Featured Artist: Marijke Buurlage

Marijke Buurlage is an illustrator from the Netherlands.

She graduated Academie Minerva Groningen as an illustrator in 2013 and has been working as a freelance illustrator ever since. Alongside editorial illustration for magazines, children’s books, posters, apps and e-books, Marijke is nurtures a number of self initiated side-projects, such as her Marching Bird Project.


I draw all kinds of birds; focusing on staying true to their original shapes and forms, so that they are immediately recognisable, but at the same time have their own personality.

How would you describe your working process? What materials do you most enjoy working with?

I always start with a rough sketch on the computer. After sketching I start looking for inspiration; on the Internet, in books and outside. When I finally made up my mind about what I want to create exactly and how I am going to do this, I make a color palette that I am going to use (I don’t use more than 7 different colors most of the time). When I start working on the final version of the illustration, I begin drawing all elements with a marker or a brush on paper. Everything I make is drawn by hand first and then colored and arranged digitally after. I’ve been working like this for two years now and I love it. It works so well for me.

Do you take day trips or travel often? How does this fuel your creativity?

Going for a walk is the best way for me to clear my mind and to get new inspiration. When I get stuck during a project and I don’t know what the next step should be, I go outside and I walk, and I don’t think about anything for an hour or so.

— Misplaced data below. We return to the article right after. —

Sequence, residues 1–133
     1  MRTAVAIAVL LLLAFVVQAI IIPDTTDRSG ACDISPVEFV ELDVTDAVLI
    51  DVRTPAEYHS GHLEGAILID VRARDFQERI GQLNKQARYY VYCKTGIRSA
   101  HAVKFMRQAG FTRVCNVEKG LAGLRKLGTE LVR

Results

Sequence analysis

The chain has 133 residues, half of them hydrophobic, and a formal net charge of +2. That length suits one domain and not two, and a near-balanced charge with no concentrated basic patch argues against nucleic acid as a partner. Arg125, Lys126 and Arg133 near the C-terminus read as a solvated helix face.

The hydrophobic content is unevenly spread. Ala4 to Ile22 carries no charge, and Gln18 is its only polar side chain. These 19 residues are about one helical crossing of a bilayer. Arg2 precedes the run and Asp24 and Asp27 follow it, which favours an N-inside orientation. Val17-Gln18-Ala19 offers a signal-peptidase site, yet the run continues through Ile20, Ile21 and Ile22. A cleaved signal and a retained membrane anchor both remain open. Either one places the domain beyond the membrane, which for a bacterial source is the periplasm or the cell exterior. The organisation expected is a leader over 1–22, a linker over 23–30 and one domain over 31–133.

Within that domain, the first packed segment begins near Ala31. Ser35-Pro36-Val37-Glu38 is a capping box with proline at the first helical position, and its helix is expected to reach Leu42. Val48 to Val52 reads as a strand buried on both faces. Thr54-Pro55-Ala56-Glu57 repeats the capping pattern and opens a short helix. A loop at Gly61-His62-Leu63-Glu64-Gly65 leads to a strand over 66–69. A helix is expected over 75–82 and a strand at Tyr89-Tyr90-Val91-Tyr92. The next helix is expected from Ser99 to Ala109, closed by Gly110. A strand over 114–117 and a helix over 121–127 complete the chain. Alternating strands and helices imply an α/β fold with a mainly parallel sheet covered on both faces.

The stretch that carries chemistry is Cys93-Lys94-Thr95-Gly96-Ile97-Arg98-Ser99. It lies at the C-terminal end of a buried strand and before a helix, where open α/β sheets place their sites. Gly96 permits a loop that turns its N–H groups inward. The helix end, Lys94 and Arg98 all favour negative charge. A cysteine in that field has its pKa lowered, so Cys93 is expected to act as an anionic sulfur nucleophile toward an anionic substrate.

It’s so important for me to take a break sometimes from my creative process and to take a step back, so that I can see my project with fresh eyes afterwards.

Almost every time I do this new ideas pop into my head.

Tell us about the last book you read / documentary that you watched – is there a subject matter interests you most?

I really have a thing for animals. If I had to choose one topic to illustrate for the rest of my life it would definitely be animals. This also means that I watch an awful lot of wildlife documentaries for inspiration (and for fun, of course).

Are there any creative projects out there that you’ve seen recently that you wish you’d made?

I have noticed that some of my illustrator colleagues from all over the world are working on illustrated cook books. That seems like so much fun! I’d love to illustrate a cook book someday.

Do you work from home or share a studio with other illustrators? 

I work at home. One of the bedrooms in my house is transformed into my personal little studio. It’s small, but it’s perfect for me. I often thought about looking for a studio to work in somewhere in the city, where other creatives also work so we can inspire each other and keep each other motivated, but then I realized that I work best when no one is around. I guess I am easily distracted.

What would you most like to be doing with your illustration in 5-10 years time?

I hope that in 10 years I will be able to say that I have made lots of picture books, worked on the coolest projects, and that I am still able to work full time as an illustrator. And I hope to do so for as long as I live!


Posted on Mar 24th, 15 by | Twitter: @lisahassell

Founder & director of Inkygoodness, Lisa is a published writer and arts journalist, focusing on creative business, graphic art and illustration and design education. Her words regularly appear in Computer Arts, Creative Bloq, Digital Arts and IdN.

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